Frequency combs with record low phase noise
Frequency combs enable the generation of microwaves with ultralow noise via direct division of frequencies between the optical and the radio frequency (RF) regions. A frequency comb comprises an optical frequency spectrum, represented by adding multiples of the comb mode spacing to an offset frequency. Both the comb mode spacing and the offset frequency are in the RF region, whereas the frequency spectrum is in the optical region. A coherent link between the optical and RF regions is therefore established. A frequency comb can be further related to an optical frequency standard via the observation of a beat signal. This signal corresponds to the beat frequency between the optical frequency standard and one of the frequency comb tones. Typically, the optical frequency standard is provided by using a continuous-wave laser locked to a cavity with a high quality (Q) factor, which corresponds to low damping of resonant modes.1 To meet the requirements of applications in the field (e.g., navigational devices, optical clocks, space applications, and radar) devices for generating frequency combs need to be based on robust technology.
When the beat signal is phase-locked to a microwave reference signal with the use of a conventional phase-locked loop, a low-noise RF signal can be extracted via direct photodetection of the comb output using a photodiode with a high saturation current. The phase noise of this RF signal is reduced by a factor of n2 compared with the phase noise of the optical frequency standard, where n is the ratio of their respective frequencies. At present, state-of-the-art optical frequency standards typically have frequency noise spectral densities of less than 0.1Hz/Hz1sol2 at a frequency of 1Hz.1 Accounting for a division factor, n2, of 3.7×108 (which corresponds to the frequency ratio of an optical signal at 1.56μm and a 10GHz RF signal), frequency combs can be used to produce a 10GHz RF microwave signal with a single-sided spectral phase noise density of less than −108dBc/Hz at a frequency offset of only 1Hz from the carrier frequency. This was recently demonstrated by using a frequency comb based on a mode-locked titanium–sapphire laser.2
We have developed a new device for generating frequency combs that is based on robust technology, in the form of a highly integrated mode-locked erbium fiber laser (see Figure 1).3 In such frequency combs, which are based on mode-locked lasers, the comb mode spacing corresponds to the pulse repetition rate and the offset frequency is related to the carrier phase. Operation with low phase noise therefore requires the construction of mode-locked erbium fiber lasers with low intrinsic timing jitter. In addition, precision control of the comb mode spacing and offset frequency, via high-bandwidth actuators, are necessary.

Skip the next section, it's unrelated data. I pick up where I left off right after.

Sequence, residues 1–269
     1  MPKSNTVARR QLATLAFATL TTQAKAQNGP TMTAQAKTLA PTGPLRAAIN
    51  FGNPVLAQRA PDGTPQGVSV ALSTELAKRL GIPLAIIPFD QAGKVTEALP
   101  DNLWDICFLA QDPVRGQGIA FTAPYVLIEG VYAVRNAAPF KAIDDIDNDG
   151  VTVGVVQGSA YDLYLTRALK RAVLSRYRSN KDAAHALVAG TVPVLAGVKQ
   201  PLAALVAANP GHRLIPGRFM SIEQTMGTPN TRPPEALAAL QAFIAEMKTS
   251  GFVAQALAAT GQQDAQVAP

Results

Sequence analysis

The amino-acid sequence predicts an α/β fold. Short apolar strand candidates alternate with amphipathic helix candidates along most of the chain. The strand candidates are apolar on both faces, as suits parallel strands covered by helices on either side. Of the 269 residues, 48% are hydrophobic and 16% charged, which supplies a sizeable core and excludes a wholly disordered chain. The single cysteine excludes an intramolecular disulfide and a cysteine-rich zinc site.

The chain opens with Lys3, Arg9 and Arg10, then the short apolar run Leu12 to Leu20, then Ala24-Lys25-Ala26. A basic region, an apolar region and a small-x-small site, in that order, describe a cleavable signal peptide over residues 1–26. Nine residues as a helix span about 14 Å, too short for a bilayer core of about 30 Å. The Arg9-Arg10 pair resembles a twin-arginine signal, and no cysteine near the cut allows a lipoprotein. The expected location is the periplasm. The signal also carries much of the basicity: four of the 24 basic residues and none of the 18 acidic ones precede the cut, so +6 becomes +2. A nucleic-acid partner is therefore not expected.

We used high-bandwidth lithium niobate and graphene modulators to control the comb mode spacing and offset frequency, respectively, inside an erbium fiber laser cavity. This cavity was constructed with an all-polarization-maintaining fiber, while ensuring operation near the zero dispersion point. In this way, we fulfilled all three requirements to ensure operation with low phase noise. Moreover, our whole fiber comb system can be integrated into a small package and operated with low power consumption in challenging environments (e.g., at operating temperatures above 60°C).
The frequency comb we generated with our optimized mode-locked erbium fiber laser exhibited a record low timing jitter of less than 40as (integrated from 10kHz to 10MHz) in a free-running laser configuration. We measured this jitter with a balanced cross-correlator,4 as shown in Figure 2. When this frequency comb was phase-locked to an optical frequency reference at 1.56μm, we obtained a single-sided spectral phase noise density of the beat signal of less than −90dBc/Hz over a wide frequency range (see Figure 3). This result was close to the shot noise limit at high frequency offsets. Accounting for n2, the frequency comb we generated is, in principle, capable of producing a 10GHz RF microwave signal with a phase noise of less than −170dBc/Hz at frequency offsets of as little as 10kHz from the carrier.
In conclusion, we have developed a new device for the generation of frequency combs that is based on an erbium fiber laser. We have achieved ultralow phase noise levels with this device by operating the laser with low timing jitter, as well as by precision control of the comb mode and offset frequency. The compact form of our device, and the low phase noise that it enables, presents a wide range of new applications for frequency combs in science, technology, and precision metrology. Such microwave signals with ultralow noise promise to significantly improve the performance of current precision radar, timing, and navigation systems. We are currently making further improvements to our frequency combs so as to be compliant with the most challenging environmental conditions, such as those encountered in space and rocket launches. We are also testing our ultralow phase noise comb designs in conjunction with precision optical clocks, with the aim of surpassing the frequency stability of current global positioning system devices.
Martin E. Fermann is the vice-president for research and advanced development at IMRA. His main research interests are ultrafast optics, precision metrology, and fiber and solid-state lasers. He is a fellow of the Optical Society of America.